News is coming in that Tony Scott, director of blockbuster films from Top Gun through to Man On Fire, has died aged 68. The cause of death is apparently suicide, which makes the news particularly sad, and reminds us that depression can strike anyone, no matter what their age, or their apparent material success.
Pop Lifer won’t claim to be an enormous fan of all of Scott’s work but he has been part of our lives since we were practically children. And for one of us, growing up in the economically depressed North East of England in the late eighties, Tony Scott and his brother Ridley were local boys made good, symbols that even we could succeed if we had talent, a work ethic and maybe a little luck. After all, in the words of another famous Geordie, Neil Tennant, “when you’re young you find inspiration in anyone/ Whose ever gone and opened up a closing door.”
Most of the news stories and tributes pouring in are focusing on Scott’s breakthrough film and indisputable 80s icon, “Top Gun”. Like most 10 year olds of that era, “Top Gun” was one of the first films we owned on the new VHS technology, and we saw it so many times that even though we haven’t seen it for 25 years we would probably still know half the dialogue. And like many, we have enjoyed remembering the film’s bizarre homo-eroticism, as well as the hilarious poster where Kelly McGillis has to slouch so strangely and artfully to look a similar height to Tom Cruise that she aqppears to be doing particularly skilled and painful yoga.
But in fact the film we are fondest of is often overlooked: Scott’s gaudy, direct version of the Quentin Tarantino script “True Romance.” In some ways it’s our favourite Tarantino-related movie ever. The romance of the title really is true: in the middle of wildly noisy shoot outs, botched attempts at criminality, tour de force gangster show downs between Dennis Hopper and Christopher Walken, and an atmosphere of snowballing and terrifying chaos, Christian Slater’s comic book clerk Clarence and Patrica Arquette’s hooker Alabama really do fall in love, naively and totally. There’s an energy and charm to that love which makes us want to watch the film again right now.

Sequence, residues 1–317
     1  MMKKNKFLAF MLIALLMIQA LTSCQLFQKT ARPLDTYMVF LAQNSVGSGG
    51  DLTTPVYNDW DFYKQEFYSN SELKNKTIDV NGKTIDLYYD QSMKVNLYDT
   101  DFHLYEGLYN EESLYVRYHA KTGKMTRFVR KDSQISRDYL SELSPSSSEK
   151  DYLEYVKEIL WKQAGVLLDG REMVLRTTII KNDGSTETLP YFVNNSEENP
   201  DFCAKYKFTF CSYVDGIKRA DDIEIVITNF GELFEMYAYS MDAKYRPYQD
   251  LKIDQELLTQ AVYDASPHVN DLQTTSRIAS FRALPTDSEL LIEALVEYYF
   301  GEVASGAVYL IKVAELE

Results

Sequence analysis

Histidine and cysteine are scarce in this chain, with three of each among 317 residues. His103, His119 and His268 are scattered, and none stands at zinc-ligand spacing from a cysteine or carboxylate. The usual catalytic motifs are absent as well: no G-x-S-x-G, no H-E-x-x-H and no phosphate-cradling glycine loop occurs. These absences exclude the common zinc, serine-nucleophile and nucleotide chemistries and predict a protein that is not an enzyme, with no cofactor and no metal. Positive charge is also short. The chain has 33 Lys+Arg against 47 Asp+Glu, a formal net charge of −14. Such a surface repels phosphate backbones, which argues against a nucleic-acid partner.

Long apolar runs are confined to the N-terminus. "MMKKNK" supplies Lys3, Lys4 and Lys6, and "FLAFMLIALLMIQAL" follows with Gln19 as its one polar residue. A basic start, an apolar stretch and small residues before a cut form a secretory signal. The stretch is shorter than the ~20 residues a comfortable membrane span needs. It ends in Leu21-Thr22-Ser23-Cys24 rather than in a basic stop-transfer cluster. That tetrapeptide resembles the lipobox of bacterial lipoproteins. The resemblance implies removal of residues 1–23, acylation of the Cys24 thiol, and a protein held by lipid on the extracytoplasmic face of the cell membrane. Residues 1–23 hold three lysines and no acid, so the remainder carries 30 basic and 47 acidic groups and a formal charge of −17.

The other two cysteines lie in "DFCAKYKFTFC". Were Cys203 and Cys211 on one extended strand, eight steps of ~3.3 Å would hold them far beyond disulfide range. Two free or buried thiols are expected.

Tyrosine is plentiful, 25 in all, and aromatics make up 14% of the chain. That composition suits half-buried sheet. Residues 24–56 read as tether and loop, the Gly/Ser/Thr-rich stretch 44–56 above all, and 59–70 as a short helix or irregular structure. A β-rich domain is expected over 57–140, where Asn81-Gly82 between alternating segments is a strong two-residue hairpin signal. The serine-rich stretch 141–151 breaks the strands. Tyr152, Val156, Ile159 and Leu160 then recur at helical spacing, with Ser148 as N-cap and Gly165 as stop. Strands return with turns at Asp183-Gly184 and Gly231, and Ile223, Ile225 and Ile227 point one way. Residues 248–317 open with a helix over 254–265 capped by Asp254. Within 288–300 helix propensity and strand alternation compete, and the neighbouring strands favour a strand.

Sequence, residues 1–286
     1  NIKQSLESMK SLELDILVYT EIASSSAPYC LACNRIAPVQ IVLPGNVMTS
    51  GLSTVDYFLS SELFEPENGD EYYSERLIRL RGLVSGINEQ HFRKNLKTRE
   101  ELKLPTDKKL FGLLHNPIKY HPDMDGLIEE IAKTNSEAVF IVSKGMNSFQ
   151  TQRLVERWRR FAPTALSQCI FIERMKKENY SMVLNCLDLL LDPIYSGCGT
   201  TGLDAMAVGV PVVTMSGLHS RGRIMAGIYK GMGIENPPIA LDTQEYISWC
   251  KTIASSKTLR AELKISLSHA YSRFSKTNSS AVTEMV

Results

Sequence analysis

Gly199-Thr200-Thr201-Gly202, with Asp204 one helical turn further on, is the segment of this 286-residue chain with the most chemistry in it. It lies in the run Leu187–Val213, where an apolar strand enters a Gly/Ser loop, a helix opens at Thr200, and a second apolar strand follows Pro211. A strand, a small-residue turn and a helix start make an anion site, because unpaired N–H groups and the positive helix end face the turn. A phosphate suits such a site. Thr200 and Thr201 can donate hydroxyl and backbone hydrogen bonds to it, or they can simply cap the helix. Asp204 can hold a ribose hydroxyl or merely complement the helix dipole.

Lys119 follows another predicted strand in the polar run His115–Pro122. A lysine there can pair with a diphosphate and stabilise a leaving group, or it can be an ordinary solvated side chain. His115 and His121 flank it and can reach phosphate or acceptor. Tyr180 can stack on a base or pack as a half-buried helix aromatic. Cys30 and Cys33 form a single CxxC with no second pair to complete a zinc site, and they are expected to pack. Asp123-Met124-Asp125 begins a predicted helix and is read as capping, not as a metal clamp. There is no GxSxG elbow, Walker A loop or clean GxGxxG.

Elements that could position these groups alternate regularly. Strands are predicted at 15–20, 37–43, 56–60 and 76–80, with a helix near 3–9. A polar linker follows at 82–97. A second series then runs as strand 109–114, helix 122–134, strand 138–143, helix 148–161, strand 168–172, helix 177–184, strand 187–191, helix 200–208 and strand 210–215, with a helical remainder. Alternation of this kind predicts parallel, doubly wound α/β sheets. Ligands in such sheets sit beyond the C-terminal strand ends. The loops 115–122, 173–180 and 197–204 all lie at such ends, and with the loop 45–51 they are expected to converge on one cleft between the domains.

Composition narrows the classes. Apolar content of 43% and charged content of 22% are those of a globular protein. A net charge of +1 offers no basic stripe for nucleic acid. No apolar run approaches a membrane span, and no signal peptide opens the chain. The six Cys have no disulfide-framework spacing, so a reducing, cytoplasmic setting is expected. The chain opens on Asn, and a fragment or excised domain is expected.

There’s also a scene amidst the more cartoonish violence which is quite breathtakingly difficult to watch, when a smoothly sinister pre-Sopranos James Gandolfini tracks down Alabama and finds her alone. She tries to charm her way out of the situation, but fails, and is soon subject to an attack which is so visceral, so real, so clearly a display of a man’s strength and brutal physicality hurled against a smaller woman that it becomes practically a feminist tract, and is certainly an antidote to the stylised, removed violence of most action films. When Alabama holds on through sheer stubborn defiance and will-to-live (see our image above), kills her attacker and enjoys her moment of bloodied triumph it’s difficult not to cheer long and jubilantly.
A truly great film and a truly great scene in a mixed but interesting career. RIP Tony Scott.